Tuesday, December 26, 2006

Homemade Marshmallows

These were really easy and rather tasty. I made one batch and they turned out great. I made a second batch, was distracted and messed up the amount of sugar...they were a flop but it was entirely me and not the recipe. I will make these again but I think there is room to jazz them up!

I really like this recipe because it does not call for corn syrup as many of them do.

Homemade Marshmallows
Recipe courtesy Tyler Florence
3 tablespoons (3 packets) powdered gelatin*
2 cups cold water
2 cups sugar
2 egg whites**
2 cups confectioners' sugar, sifted, plus more for dusting pan and marshmallows
Butter, for greasing pan

In a medium sized saucepan soak the gelatin in the cold water. After the gelatin has softened, approximately 10 minutes, add the regular sugar and then gently dissolve over low heat, approximately 8 minutes. Remove from the heat and allow to cool to room temperature.

In a mixer, beat the egg whites until stiff peaks and then fold in the sifted confectioners' sugar. While the mixer is on low, slowly pour in the cooled gelatin mixture. Increase the speed and beat until white and thick. The volume should double in size and should form between soft and firm peaks.

Line an 8 by 8-inch baking dish with high sides with foil, grease slightly with butter, and coat with confectioners' sugar. Alternatively, you can use a baking sheet, but the marshmallows will not be as tall. Pour marshmallow mixture in and top with more sifted confectioners' sugar. Leave out overnight or for at least 3 hours to set. The marshmallow should be light and spongy when set.

Loosen marshmallow from edges of tray and invert onto a large cutting board. Peel off foil and use a large knife to cut the marshmallows into cubes. Dredge each piece in confectioners' sugar.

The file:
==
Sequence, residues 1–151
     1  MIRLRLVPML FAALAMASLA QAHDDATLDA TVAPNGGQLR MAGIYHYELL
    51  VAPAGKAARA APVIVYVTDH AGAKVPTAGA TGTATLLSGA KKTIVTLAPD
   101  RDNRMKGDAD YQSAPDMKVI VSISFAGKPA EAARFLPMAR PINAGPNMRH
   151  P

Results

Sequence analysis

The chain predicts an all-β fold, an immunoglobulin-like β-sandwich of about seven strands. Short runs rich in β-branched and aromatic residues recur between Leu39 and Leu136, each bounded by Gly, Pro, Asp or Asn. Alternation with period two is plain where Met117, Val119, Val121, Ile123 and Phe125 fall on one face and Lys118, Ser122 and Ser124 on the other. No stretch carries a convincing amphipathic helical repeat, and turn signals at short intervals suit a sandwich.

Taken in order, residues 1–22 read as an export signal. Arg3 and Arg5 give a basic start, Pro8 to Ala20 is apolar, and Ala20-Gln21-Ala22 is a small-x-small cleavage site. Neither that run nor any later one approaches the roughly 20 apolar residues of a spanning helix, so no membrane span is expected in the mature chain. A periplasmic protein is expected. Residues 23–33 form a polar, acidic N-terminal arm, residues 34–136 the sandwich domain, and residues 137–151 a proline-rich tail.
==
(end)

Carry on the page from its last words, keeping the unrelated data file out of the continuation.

* We retested this recipe. It works best with 3 tablespoons gelatin. FN Kitchens
**RAW EGG WARNING Food Network Kitchens suggest caution in consuming raw and lightly-cooked eggs due to the slight risk of Salmonella or other food-borne illness. To reduce this risk, we recommend you use only fresh, properly-refrigerated, clean, grade A or AA eggs with intact shells, and avoid contact between the yolks or whites and the shell.

-Next time I will try peppermint extract and swirl some red food coloring thorugh
-I wonder if you could not add a bit more gelatin and then add a small amount of a fruit puree
-Maybe I could roll them in toasted coconut
-Gotta watch what day you do these, as humdity is a factor.

1 comment:

Anonymous said...

Sheri, have you tried the fruit puree yet? I'd be really interested in learning how it turns out.

Thanks for sharing this recipe--I too am delighted to find one that doesnt' require corn syrup, and they surely look pretty in your picture